Dermatologists agree, you should be using retinoids. Dr. Ranella Hirsch, M.D., president-elect of the American Society of Dermatologic Surgeons swears by them. “We have beautiful, profound data that shows if you use [retinoids] for 20 years, you’re going to look a lot better than someone who doesn’t.” But before you run out to the store and stock up, there are some things you should keep in mind.
Different Forms of Retinoids
First things first, there are multiple forms of retinoids. The first one we will explore is Retinol. Retinol is the most popular form of retinoid and is present in many anti aging skincare products. This potent anti-aging ingredient deactivates the matrix metalloproteinases that break down collagen. It increases cell turnover and improves the skin’s moisture retention. Retinol should be applied only at night and always be followed with sunscreen every morning. This is because retinol can make your skin more photosensitive.
Retinyl palmitate is a combination of pure retinol and palmitic acid. It is the weakest form of retinoid, but when present in high concentrations it displays results similar to that of retinol. Tretinoin is one of the strongest retinoids and can be found in many prescription strength treatments like Retin-A and Renova. It can address acne and photodamage, and is tied with hydroxy acids as the most recommended ingredient because of this unique duality. Tretinoin is the only chemical to date to receive FDA approval for anti-aging and anti-sun damage properties.
Benefits of Retinoids
Retinoids have the capability of minimizing the appearance of fine lines and wrinkles, improving uneven skin tone, restoring skin firmness, and shrinking the appearance of enlarged pores. According to the American Osteopathic College of Dermatology retinoids are very effective at slowing and preventing photo-aging due to UV exposure. This mechanism is explained through its interaction with the retinoic acid (RAR) and retinoid X receptors (RXR) located in the nucleus of the cell. These nuclear receptors increase the production of procollagen and function to block the release of inflammatory mediators. Retinoids are able to partially improve any collagen deficiency that exists in the skin when applied topically. A publication in Toxicology and Skin Health found that retinoids were able to penetrate to the deeper layer of skin (the dermis), where collagen is formed. Finally, since retinol is vitamin A, an antioxidant, applying a retinoid to your skin works to combat the damaging effects of free radicals.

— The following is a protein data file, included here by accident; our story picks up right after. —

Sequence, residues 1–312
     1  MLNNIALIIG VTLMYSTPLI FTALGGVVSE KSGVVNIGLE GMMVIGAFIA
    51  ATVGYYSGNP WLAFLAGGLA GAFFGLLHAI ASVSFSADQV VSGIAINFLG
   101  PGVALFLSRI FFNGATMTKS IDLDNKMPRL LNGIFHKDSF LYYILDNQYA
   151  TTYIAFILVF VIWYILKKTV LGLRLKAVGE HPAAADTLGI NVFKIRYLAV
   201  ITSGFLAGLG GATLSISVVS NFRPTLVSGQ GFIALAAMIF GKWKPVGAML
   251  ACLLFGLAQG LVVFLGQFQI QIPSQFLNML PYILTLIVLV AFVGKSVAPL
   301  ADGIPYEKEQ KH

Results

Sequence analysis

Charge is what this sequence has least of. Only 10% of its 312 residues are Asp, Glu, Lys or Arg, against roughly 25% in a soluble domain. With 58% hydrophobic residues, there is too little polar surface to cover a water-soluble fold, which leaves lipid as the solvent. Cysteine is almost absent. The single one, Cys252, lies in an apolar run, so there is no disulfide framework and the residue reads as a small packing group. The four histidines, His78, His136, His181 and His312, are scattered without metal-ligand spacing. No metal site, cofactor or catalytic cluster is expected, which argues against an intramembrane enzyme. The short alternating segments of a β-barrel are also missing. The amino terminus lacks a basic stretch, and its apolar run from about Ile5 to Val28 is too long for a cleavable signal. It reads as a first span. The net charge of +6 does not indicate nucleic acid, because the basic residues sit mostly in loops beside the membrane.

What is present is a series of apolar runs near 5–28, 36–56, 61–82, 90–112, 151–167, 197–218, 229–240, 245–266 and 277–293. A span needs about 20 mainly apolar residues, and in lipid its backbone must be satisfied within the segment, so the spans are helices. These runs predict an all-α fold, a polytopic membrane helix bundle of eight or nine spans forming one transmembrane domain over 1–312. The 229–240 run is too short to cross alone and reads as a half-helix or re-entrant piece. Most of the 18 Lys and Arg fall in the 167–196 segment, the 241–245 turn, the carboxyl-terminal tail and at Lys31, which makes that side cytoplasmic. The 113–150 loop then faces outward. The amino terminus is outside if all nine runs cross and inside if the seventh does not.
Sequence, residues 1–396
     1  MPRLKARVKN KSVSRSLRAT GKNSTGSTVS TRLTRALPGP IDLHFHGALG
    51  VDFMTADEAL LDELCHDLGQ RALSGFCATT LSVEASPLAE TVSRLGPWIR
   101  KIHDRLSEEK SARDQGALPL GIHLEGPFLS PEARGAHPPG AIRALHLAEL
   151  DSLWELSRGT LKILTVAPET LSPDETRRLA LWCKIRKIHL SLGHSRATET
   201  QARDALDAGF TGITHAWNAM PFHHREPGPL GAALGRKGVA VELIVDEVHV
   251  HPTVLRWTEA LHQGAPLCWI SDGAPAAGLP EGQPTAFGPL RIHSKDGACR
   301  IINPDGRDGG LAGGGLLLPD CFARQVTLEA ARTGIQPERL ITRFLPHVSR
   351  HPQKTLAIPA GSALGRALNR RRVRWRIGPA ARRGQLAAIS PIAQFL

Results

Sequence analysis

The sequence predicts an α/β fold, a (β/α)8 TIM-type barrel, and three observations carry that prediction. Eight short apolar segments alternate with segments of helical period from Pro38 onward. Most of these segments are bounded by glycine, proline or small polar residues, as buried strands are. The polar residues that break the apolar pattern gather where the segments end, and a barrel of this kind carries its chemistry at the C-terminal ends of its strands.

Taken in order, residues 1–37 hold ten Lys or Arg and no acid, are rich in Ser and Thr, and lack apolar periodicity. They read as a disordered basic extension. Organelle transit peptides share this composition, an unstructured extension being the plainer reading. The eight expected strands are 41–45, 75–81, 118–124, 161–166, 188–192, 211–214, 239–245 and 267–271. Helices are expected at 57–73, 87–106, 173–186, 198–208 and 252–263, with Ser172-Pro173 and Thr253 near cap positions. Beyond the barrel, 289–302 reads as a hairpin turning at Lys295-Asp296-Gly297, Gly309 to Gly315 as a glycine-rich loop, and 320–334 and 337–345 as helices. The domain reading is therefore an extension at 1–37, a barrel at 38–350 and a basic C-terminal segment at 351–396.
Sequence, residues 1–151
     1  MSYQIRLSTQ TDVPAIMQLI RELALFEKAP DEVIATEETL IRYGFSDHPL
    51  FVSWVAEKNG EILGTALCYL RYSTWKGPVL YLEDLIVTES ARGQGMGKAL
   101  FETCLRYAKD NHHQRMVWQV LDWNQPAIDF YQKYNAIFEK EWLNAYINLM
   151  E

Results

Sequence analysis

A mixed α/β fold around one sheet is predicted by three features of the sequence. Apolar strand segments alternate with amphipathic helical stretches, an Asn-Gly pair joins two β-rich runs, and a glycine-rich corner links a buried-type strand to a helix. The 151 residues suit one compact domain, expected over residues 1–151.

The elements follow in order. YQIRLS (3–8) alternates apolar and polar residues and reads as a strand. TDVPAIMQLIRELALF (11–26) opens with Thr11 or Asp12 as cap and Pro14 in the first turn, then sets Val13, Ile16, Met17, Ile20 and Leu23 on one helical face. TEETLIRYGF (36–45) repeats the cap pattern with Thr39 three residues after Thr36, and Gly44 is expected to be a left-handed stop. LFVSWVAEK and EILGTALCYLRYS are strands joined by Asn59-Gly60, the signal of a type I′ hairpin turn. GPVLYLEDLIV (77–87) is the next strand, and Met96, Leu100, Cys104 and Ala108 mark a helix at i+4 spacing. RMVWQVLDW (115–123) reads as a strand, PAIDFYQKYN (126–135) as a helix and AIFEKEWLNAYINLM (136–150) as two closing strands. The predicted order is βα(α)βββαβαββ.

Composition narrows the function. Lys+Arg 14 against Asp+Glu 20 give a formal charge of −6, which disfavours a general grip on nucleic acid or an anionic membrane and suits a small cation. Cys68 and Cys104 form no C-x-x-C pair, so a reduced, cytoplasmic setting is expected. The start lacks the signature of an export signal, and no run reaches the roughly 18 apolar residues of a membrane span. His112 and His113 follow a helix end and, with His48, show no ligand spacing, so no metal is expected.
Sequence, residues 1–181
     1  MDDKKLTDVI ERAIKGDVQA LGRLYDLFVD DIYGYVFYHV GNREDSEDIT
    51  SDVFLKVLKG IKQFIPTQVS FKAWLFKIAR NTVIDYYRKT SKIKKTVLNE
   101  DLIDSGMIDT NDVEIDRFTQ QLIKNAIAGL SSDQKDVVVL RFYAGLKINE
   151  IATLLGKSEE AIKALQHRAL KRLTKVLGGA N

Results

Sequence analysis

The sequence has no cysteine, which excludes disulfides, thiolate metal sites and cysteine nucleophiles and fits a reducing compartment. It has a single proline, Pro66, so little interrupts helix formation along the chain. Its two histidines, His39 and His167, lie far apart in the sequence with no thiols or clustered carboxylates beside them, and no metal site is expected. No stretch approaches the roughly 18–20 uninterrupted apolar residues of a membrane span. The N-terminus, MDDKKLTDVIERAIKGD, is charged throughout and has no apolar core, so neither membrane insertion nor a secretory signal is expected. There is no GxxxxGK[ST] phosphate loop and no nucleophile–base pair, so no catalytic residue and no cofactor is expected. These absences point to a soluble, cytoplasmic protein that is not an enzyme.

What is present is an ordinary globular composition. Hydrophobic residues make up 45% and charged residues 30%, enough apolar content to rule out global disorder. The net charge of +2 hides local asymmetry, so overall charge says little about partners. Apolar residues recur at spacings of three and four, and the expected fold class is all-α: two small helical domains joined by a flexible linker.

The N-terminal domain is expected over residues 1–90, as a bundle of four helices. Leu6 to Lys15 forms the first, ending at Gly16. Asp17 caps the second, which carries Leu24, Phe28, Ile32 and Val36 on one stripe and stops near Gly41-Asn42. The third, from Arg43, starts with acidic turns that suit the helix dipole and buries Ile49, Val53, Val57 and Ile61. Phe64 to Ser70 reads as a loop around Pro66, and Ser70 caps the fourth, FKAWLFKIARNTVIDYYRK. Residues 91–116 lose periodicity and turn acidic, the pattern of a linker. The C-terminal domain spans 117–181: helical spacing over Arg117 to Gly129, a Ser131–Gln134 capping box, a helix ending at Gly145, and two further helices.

Side Effects of Retinoids
Retinoids are notorious for causing skin dryness and irritation. These side effects are largely due to how retinoids work: increasing cellular turnover reveals a fresh, smooth layer of new skin, but this can also cause dryness and irritation because of transepidermal water loss. (Acta Dermatologica, 1995). To reduce the incidence of dryness and irritation, it’s recommended to wait at least 10 minutes after washing your face to allow the skin to dry, before applying the retinoid product. When the skin is wet the ingredients are able to penetrate the skin more easily, increasing the efficacy of the products as well as the chance of side effects. Additionally, you must use moisturizers that draw in moisture from the air and add that moisture back into your skin while using a retinoid. Moisture-attracting humectants like hyaluronic acid, or skin-softening ingredients like ceramides, are great for sealing moisture back into your skin from the environment.